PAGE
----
Just as the two big technical security conferences get underway in Las Vegas this week, security firm McAfee has released its report on "Operation Shady Rat," a cyber-espionage campaign carried out over five years against over 70 targets, including sensitive government, business, and private organization sites -- pretty much anyone with data worth stealing (see the chart below). According to Dmitri Alperovitch from the McAfee Labs blog:
Having investigated intrusions such as Operation Aurora and Night Dragon (systemic long-term compromise of Western oil and gas industry), as well as numerous others that have not been disclosed publicly, I am convinced that every company in every conceivable industry with significant size and valuable intellectual property and trade secrets has been compromised (or will be shortly), with the great majority of the victims rarely discovering the intrusion or its impact. In fact, I divide the entire set of Fortune Global 2000 firms into two categories: those that know they've been compromised and those that don't yet know.
Target distribution (click to enlarge) Source: McAfee
Targets include U.S. federal and state government sites; the Canadian, South Korean, and Indian governments; the United Nations; and various communications, energy, business, and industry sites. McAfee is willing to say that it's a government-sponsored attack but declines to name a culprit, although the Washington Post is not so shy about singling out China as the most likely perpetrator: "Report on ‘Operation Shady RAT' identifies widespread cyber-spying."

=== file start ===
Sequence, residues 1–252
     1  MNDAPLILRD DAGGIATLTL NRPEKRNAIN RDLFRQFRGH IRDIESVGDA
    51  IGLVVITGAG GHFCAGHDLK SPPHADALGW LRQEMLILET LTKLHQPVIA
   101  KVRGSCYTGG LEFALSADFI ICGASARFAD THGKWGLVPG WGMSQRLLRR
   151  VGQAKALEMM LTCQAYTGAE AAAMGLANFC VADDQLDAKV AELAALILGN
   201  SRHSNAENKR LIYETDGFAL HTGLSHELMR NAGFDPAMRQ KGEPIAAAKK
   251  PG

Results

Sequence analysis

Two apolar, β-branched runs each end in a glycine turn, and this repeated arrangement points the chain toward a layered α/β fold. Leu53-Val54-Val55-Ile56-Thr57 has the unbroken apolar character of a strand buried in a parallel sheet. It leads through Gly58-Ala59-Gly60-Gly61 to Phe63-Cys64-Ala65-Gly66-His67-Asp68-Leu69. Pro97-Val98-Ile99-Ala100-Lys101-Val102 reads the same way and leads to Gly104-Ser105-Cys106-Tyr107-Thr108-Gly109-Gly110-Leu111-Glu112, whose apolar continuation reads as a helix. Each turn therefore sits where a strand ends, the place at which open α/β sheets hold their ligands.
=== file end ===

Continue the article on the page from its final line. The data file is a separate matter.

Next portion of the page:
But James A. Lewis, a cybersecurity expert at the Center for Strategic and International Studies, said "the most likely candidate is China." The target list's emphasis on Taiwan and on Olympic organizations in the run-up to the Beijing Games in 2008 "points to China" as the perpetrator, he said.
...Another computer expert with knowledge of the study, who spoke on the condition of anonymity out of reluctance to blame China publicly, said the intrusions appear to have originated in China.
If you would like to read the full report, you can download the PDF from McAfee.Additional reading:
Selena has been at TechRepublic since 2002. She is currently a Senior Editor with a background in technical writing, editing, and research. She edits Data Center, Linux and Open Source, Apple in the Enterprise, The Enterprise Cloud, Web Designer, and IT Security blogs.